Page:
Wearables May Appear Rosy But…
Essentially, all forms of technology are susceptible to manipulation of their tools to analyse big data. If for instance, you employer or insurer gets hold of certain personal information, they could easily rip you off through blackmail. You should check to ensure that life improving wearables and devices don’t intentionally or otherwise expose you to unwarranted risks.
Tools to analyse big data for Silicon Valley companies
It’s an open secret that companies in Silicon Valley rely on data mining to enable them accurately predict people’s behaviours, likes and dislikes among other things. If you carefully go through the terms and conditions for use of most wearable companion apps, their installation requires you to accept their access to your personal information and track you as well!
Business competitors are now actively buying such data from the companies to know how to successfully brand and characterise their products and services, thereby gaining an upper hand. Wearable technology furthers natural human instincts in ways such as;
Heightening data-eat-data-world competition
Big corporate organisations immensely advance their causes through the use of tools to analyse big data. In so doing, the interests of the general public and potential consumers are overlooked and their privacy intruded; workers in these organisations have their data accessed too. Data mining companies may then choose to exchange your private information with your insurer or employer, either of whom can use it to trick you into accepting cheaper perks and insurance premiums.
It is in your best interest to read the fine details of the terms and condition to be fully aware of the sensitivity of information you’re giving away. When an interviewer has a wearable that can measure the anxiety level of a potential employee, it works against the latter if they are found to be too anxious in stressful work situations; this sort of invasive testing is not too far away from being realised.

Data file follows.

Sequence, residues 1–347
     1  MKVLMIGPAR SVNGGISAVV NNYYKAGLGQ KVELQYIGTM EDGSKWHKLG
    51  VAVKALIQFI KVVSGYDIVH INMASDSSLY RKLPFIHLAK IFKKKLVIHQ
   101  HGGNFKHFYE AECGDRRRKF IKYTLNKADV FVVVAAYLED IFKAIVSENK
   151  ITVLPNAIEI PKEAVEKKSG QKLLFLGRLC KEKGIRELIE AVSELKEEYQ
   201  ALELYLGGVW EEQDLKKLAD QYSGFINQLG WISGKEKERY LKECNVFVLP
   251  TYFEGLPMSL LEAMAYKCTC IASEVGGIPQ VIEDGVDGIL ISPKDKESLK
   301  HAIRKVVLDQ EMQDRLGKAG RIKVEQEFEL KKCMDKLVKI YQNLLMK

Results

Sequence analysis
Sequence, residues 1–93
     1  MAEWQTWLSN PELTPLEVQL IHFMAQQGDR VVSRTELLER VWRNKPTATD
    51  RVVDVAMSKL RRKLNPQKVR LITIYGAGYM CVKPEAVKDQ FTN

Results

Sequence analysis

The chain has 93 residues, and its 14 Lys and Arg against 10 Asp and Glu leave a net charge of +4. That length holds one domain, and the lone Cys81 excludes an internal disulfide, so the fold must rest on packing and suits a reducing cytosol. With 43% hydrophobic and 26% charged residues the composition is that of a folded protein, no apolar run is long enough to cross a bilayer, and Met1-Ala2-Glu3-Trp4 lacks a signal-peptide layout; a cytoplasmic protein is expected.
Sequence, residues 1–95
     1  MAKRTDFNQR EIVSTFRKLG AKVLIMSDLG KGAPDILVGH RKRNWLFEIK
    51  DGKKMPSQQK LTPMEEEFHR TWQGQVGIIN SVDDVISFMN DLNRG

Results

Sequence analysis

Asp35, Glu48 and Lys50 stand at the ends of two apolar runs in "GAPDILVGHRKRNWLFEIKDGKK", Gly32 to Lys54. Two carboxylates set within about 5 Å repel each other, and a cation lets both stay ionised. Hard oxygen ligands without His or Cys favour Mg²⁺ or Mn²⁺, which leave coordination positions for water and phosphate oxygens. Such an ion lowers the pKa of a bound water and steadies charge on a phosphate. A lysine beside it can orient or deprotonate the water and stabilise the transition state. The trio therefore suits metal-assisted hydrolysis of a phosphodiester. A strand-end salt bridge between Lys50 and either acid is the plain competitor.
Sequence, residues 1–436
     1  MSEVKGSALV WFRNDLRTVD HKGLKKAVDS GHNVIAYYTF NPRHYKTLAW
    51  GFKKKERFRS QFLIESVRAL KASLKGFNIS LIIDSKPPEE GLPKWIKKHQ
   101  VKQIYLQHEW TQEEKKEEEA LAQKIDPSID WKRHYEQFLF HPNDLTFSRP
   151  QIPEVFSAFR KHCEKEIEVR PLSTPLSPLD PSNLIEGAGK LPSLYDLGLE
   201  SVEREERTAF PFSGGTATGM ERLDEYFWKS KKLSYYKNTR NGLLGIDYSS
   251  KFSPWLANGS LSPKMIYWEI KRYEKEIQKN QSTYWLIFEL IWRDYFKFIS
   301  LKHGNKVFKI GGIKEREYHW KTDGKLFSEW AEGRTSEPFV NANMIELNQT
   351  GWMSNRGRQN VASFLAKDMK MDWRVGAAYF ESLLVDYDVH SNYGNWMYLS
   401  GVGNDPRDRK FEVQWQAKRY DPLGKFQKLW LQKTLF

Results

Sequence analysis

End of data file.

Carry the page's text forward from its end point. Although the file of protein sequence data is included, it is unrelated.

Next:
Marketers appear more cautious when it comes to wearable tech
The clearest indication of the importance of your private information to marketers yet, mobile tech has taken a backseat in terms of being sought after. The number of wearable watchmen being used by employers is steadily rising, with the approval of employees; statistics indicate that employees purport to increase their productivity and wellbeing by 8.5% when using these wearables.
In a world where marketers are dying to get as close as possible to your innermost emotions and employers are after maximum productivity, you should be careful what kind of information you give away as tools to analyse big data join the dots pretty fast. This kind of data is primarily meant to work for and not against you.
Being the all-knowing gadgets
A clear misuse of wearables is Motorola WT4000 wearable, which is widely used in retail stores and warehouses. It has the ability to track goods as well as allocate tasks to employees with Tesco and other big retailers relying on it heavily. The downside to all this is that the information gathered from such a wearable is unfairly used in implementing employee appraisals, creating a divide. Amazon warehouses workers use similar gadgets too.